The seauenth Chapter, of the English Elegeick verse.
THe Elegeick verses challenge the next place, as being of all compound verses the simplest. They are deriu'd out of our owne naturall num∣bers as neere the imitation of the Greekes and La∣tines, as our heauy sillables will permit. The first verse is a meere licentiate Iambick; the second is fram'd of two vnited Dimeters. In the first Di∣meter we are tyed to make the first foote either a Trochy or a Spondee, the second a Trochy, and the odde sillable of it alwaies long. The second Dime∣ter consists of two Trochyes (because it requires more swiftnes then the first) and an odde sillable, which being last, is euer common. I will giue you example both of Elegye and Epigramme, in this kinde.
Constant to none, but euer false to me,
Traiter still to loue through thy faint desires,
Page 26Not hope of pittie now nor vaine redresse
Turns my griefs to steares, and renu'd laments
Too well thy empty vowes, and hollow thoughts
Witnes both thy wrongs, and remorseles hart.
Rue not my sorrow, but blush at my name,
Let thy bloudy cheeks guilty thoughts betray.
My flames did truly burne, thine made a shew,
As fires painted are which no heate retayne,
Or as the glossy Pirop faines to blaze,
But toucht cold appeares, and an earthy stone,
True cullours deck thy cheeks, false foiles thy brest,
Frailer then thy light beawty is thy minde.
None canst thou long refuse, nor long affect,
But turn'st feare with hopes, sorrow with delight,
Delaying, and deluding eu'ry way
Those whose eyes are once with thy beawty chain'd.
Thrice happy man that entring first thy loue,
Can so guide the straight raynes of his desires,
That both he can regard thee, and refraine:
If grac't, firme he stands, if not, easely falls.
Example of Epigrams,
verse. The first Epigramme.
Arthure brooks only those that brooke not him,
Those he most regards, and deuoutly serues:
Page 27But them that grace him his great brau'ry skornes,
Counting kindnesse all duty, not desert:
Arthure wants forty pounds, tyres eu'ry friend,
But finds none that holds twenty due for him.
The second Epigramme.
If fancy can not erre which vertue guides,
In thee Laura then fancy can not erre.
The third Epigramme.
Drue feasts no Puritans, the churles he saith
Thanke no men, but eate, praise God, and depart.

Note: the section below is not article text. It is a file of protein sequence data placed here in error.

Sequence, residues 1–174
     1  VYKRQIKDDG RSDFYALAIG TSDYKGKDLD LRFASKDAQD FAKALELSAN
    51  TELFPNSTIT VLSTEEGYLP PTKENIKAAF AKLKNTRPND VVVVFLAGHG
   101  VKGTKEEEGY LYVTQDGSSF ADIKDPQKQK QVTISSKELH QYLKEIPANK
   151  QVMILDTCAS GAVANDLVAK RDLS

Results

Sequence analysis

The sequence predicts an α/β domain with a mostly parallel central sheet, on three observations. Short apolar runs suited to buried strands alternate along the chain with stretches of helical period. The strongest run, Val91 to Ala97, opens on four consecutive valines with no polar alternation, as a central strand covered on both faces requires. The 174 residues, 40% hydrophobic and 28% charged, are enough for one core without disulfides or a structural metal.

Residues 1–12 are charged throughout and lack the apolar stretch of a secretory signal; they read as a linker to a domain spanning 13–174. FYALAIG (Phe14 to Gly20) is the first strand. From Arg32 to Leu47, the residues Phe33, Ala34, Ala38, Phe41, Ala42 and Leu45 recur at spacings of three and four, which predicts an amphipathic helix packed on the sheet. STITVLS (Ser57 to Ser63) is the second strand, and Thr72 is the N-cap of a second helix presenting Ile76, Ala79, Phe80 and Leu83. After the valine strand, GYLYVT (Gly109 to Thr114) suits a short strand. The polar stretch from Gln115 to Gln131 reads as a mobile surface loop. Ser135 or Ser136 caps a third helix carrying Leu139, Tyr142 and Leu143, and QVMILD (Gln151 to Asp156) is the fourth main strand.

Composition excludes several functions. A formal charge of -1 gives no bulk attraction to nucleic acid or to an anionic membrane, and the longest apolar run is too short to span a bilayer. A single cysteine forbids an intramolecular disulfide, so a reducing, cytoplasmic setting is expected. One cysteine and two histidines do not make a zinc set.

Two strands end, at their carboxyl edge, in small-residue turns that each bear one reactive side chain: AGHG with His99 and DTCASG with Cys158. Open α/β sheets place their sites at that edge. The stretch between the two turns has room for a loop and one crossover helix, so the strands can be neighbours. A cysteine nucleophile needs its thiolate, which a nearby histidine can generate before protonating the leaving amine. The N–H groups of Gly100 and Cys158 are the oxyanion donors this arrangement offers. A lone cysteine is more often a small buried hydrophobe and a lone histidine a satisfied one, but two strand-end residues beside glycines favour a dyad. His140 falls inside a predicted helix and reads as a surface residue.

The fourth Epigramme.
A wiseman wary liues, yet most secure,
Sorrowes moue not him greatly, nor delights.
Fortune and death he skorning, only makes
Th'earth his sober Inne, but still heau'n his home.
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The fift Epigramme.
Thou telst me Barnzy Dawson hath a wife,
Thine he hath I graunt, Dawson hath a wife.
The English Sapphick.
Faiths pure shield the Christian Diana
Englands glory crownd with all deuinenesse,
Liue long with triumphs to blesse thy people
At thy sight triumphing.
Loe they sound, the Knights in order armed
Entring threat the list, adrest to combat
For their courtly loues; he, hees the wonder
Whome Eliza graceth.
Their plum'd pomp the vulgar heaps detaineth,
And rough steeds, let vs the still deuices
Close obserue, the speeches and the musicks
Peacefull arms adorning.
But whence showres so fast this angry tempest,
Clowding dimme the place? behold Eliza
This day shines not here, this heard, the launces
And thick heads do vanish.
The second kinde consists of Dimeter, whose first foote may either be a Sponde or a Trochy: The two verses following are both of them Trochaical, and consist of foure feete, the first of either of them being a Spondee or Trochy, the other three
only Trochyes. The fourth and last verse is made of two Trochyes. The number is voluble and fit to expresse any amorous conceit.
Rose-cheekt Lawra come
Sing thou smoothly with thy beawties
Silent musick, either other
Louely formes do flowe
From concent deuinely framed,
Heau'n is musick, and thy beawties
Birth is heauenly.
These dullnotes we sing
Discords neede for helps to grace them,
Only beawty purely louing
Knowes no discord:
But still mooues delight
Like cleare springs renu'd by flowing,
Euer perfet, euer in them∣selues eternall.
The third kind begins as the second kind en∣ded, with a verse consisting of two Trochy feete,
and then as the second kind had in the middle two Trochaick verses offoure feete, so this hath three of the same nature, and ends in a Dimeter as the se∣cond began. The Dimeter may allow in the first place a Trochy or a Spondee, but no Iambick.
Kindest loue, yet only chastest,
Royall in thy smooth denyals,
Frowning or demurely smiling
Still my pure delight.
Let me view thee
With thoughts and with eyes affected,
And if then the flames do murmur,
Quench them with thy vertue, charme them
With thy stormy browes.
Heau'n so cheerefull
Laughs not euer, hory winter
Knowes his season, euen the freshest
Sommer mornes from angry thunder
Iet not still secure.